When it comes to open banking, it’s extremely important for all stakeholders in the financial ecosystem to be aware of the regulations that make this innovative financial services framework possible.
There is no doubt that the Central Bank of Bahrain (CBB) has recognized various trends that point in favour of having an open banking framework. Here are just a few of the trends we’ve been witnessing in recent years that have supported the need for an open banking framework:
- Hyper-growth in e-commerce
- Increased adoption of internet payments
- Increasing consumer demand for mobile-based payment solutions
- Developments in the FinTech space
- Increased demand for multiple account providers for a single customer
Previously, we have looked at the benefits of open banking and the pain-points it aims to solve for both consumers and businesses alike. However, how is all this made possible? And what are the stipulations? In this post, we’ll discuss the main points of open banking regulations from the perspective of financial institutions, such as banks and from the perspective of ancillary service providers like Tarabut Gateway. The basis of this post is derived from The CBB’s handbooks on the General requirements Module: Volume 2 and Volume 5 of the Open Banking regulations
Open Banking Regulations for Banks
Based on The CBB’s General Requirements Module: Volume 2, all banks are mandated to supply ancillary service providers “access to customer accounts on an objective, non-discriminatory basis based on consents obtained from the customer” while “ensuring adherence to Law No 30 of 2018, Personal Data Protection Law (PDPL) issued on 12 July 2018.”
Why does this matter?
In a nutshell, when the customer grants consent to the licensed ancillary service provider, banks are required to provide licensees such as Tarabut Gateway with customer data such as spending and transaction history. This data is used so that customized solutions are made possible for consumers moving forward. It’s transparency at its best and creating a financial ecosystem predicated on trust. As we’ve previously discussed, here is just one example of the solutions we can expect to see soon.
It’s important for banks to also gain comfort in knowing that “Value-added Data” are not required to be shared with ancillary service providers. Value-added data refers to any further analysis or insights that may have been generated by the institution on its customers.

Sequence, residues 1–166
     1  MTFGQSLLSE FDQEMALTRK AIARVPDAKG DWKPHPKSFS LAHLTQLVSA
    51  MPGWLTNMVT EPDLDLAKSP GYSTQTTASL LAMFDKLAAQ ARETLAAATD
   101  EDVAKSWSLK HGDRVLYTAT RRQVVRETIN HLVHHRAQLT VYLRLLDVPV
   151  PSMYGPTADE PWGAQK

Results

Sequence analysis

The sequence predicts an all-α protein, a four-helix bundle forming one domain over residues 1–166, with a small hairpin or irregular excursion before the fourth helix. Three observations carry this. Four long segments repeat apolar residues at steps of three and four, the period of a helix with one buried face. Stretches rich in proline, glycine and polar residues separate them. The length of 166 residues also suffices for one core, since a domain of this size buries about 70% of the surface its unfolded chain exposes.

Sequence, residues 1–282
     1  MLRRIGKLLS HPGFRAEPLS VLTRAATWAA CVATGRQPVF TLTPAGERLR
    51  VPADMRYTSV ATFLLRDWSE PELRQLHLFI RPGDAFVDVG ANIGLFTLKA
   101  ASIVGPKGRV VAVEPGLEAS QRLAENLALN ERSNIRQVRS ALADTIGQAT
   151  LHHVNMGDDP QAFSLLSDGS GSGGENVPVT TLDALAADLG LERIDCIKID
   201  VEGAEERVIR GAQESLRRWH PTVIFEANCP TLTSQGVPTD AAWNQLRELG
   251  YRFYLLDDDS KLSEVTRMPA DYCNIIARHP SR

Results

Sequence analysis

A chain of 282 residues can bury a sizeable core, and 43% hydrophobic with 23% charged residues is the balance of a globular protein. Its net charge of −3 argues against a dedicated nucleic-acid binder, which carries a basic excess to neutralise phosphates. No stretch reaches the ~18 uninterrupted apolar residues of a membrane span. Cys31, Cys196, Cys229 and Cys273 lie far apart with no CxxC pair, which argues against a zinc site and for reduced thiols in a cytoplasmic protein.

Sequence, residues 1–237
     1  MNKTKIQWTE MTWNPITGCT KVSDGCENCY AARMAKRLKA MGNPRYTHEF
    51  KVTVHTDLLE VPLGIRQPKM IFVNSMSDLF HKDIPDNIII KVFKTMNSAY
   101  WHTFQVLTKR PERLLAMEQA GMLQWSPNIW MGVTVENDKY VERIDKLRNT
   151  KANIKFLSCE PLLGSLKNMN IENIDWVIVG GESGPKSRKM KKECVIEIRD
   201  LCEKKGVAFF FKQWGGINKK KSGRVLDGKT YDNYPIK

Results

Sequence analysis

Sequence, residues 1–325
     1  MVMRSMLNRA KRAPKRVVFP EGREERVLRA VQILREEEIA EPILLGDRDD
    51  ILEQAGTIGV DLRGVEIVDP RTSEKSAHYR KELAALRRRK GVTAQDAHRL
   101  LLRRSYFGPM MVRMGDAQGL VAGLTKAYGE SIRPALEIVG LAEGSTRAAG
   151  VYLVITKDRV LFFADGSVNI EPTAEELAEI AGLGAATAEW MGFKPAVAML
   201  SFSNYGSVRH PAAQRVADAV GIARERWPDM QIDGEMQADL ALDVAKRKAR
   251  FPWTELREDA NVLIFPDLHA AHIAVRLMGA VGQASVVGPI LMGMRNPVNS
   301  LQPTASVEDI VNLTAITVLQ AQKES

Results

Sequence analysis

Open Banking Regulations for AISPs (Tarabut Gateway)
As an ancillary service provider, Tarabut Gateway falls under the category of Account Information Service Provider (AISP).
In Volume 5 of the CBB’s handbook on Ancillary Service Providers, it states that “Account Information Service Provider(AISP) refers to a person licensed by the CBB to provide account information services using an online portal, mobile or smart phone application, device or other electronic media which a consenting customer can use to obtain aggregate or consolidated information about his account balances with licensed banks, financing companies and other licensees.”
Essentially, AISPs are permitted to obtain customer data that gives them a better understanding of a customer’s relationships with service providers and transaction history. It also allows AISPs to aggregate that data for customers so that they can easily parse through and make sense of their financial information. However, this does not mean that AISPs are allowed to share this information or use it in any other way that breaches data security and confidentiality. We have previously covered why this is helpful in our blog, “What is Open Banking?”.
Why does this matter?
Essentially, AISPs (e.g., Tarabut Gateway) exist to provide transparent and clear information to customers on their financial matters across all their accounts. They also exist so that banks and other institutions are in a better position to offer products and services that truly make a positive impact in the lives of customers.
Rest assured, AISPs and other ancillary service providers are held to the highest security and cybersecurity standards to ensure that the data they have access to remains guarded and secure.